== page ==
Job No:11-22360 Title:RP-Language of Graphic Design
#175 Dtp:204 Page:271
Job No:11-22360 Title:RP-Language of Graphic Design
#175 Dtp:204 Page:270
270-271_22360.indd 271 11/16/10 7:41:44 PM
the angle formed at the bottom
of a character where the left and
right strokes meet or intersect, as
in a V or x
the height of the body of
lowercase letters, exclusive of
ascenders and descenders
spatial zone
groups of modules that form
distinct fields on a page grid for
containing or displaying similar or
alike information, such as groups
of images or multiple columns
of text
the diagonal portion or main
curved stroke of an S or s
a small, pointed projection from
a stem or stroke, sometimes found
on the bottom of a b, t, or G
stem (or stroke)
the principal vertical or oblique
element(s) of a character, as in
an A, B, L, or V; except for curved
characters where they are called
stress (or axis)
the inclination suggested by the
relationship of thin and thick
stems or strokes in a character,
which can be an inclined or vertical
stress or axis
a Russian abstract art movement
that focused on fundamental
geometric forms such as the circle
and the square
a flourished terminal, stem, or
stroke added to a character
a state of visual balance (also
known as formal balance or
reflective symmetry) in which
compositional elements are
identical, equally balanced, and
can be divided into two equal
parts that are mirror images
of each other
an alternating repetition of
shape and space or a planned
movement of visual elements in a
a fundamental property of color
defined by intensity, or the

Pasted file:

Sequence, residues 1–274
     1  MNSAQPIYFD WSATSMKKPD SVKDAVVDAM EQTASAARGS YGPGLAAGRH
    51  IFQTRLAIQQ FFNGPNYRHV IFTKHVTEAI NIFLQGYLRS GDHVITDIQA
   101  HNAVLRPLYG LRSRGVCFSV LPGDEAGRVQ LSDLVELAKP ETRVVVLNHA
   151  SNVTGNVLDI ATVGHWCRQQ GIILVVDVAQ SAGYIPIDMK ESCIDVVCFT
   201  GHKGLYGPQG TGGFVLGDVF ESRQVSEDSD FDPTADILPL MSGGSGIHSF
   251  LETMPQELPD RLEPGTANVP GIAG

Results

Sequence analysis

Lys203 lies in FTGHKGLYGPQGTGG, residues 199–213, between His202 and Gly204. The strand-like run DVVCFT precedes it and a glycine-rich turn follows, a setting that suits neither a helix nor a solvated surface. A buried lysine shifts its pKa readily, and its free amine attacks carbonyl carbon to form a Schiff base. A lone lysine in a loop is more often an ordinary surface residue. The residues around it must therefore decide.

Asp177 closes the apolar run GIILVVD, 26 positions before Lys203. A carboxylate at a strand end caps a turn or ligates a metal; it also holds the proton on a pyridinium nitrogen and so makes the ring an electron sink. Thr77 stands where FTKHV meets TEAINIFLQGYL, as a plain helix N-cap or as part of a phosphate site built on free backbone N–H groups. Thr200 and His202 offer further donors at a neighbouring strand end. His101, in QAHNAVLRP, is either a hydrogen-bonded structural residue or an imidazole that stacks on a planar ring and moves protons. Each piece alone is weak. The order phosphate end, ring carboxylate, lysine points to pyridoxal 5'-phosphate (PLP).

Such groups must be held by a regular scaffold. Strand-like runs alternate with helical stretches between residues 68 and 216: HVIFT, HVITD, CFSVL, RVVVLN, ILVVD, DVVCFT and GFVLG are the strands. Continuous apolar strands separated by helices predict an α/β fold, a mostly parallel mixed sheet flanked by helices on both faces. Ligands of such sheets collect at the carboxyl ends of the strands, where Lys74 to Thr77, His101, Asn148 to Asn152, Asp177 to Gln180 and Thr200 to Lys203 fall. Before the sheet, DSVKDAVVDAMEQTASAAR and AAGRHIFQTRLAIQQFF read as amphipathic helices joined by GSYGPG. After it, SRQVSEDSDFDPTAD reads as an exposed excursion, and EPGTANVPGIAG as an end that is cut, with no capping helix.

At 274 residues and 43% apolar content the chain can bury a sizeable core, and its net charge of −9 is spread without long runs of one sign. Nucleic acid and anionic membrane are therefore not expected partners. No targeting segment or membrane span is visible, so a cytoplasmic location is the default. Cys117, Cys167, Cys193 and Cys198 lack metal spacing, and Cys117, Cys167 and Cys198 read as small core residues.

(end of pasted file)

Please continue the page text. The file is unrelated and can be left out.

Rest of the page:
brightness or dullness of a color
the relationship of size or a
composition of size from one
element to another
secondary colors
colors created by combining two
of the three primary colors
the study of sign processes or the
significance and communication of
signs and symbols
the beginning or end of a stem or
stroke, arm, leg, or tail drawn at a
right angle or at an oblique to the
stem or stroke
a fundamental property of color
defined by the amount of black
in a color
the external outline or contour of
an object, figure, or mass
the portion of a curved stroke, but
not the hairline, connecting two
vertical strokes or stems
an element of design that
indicates area and depth on a
two-dimensional plane
the angle formed where two
strokes meet or intersect, as is
a K or R.
a projecting diagonal stem or
stroke extending downward, as in
an R and a K; also known as a tail
a stem or stroke that connects
two characters together creating a
ligature or tied character
electromagnetic radiation of
wavelengths visible to the human
eye and used to create contrast,
depth, brightness, and illumination
a fundamental element that
consists of a number of points
located next to one another in
one direction
the stem or stroke that connects
the bowl and the loop of a g
the descender of a g when it is
entirely closed
border or negative space
surrounding a page’s format, grid,
and content, and defining the live
area of the page where type and
image are located and composed
graphic indicators for supporting
page information, such as running
headers or footers, folios or page
numbers, or any other element
that occupies only one location on
a page or spread
individual units of space within
a page grid separated by regular
intervals that, when repeated
across, create columns and rows
monochromatic colors
colors with varying values of a
single color, created by adding
white or black to a color
a principle of visual perception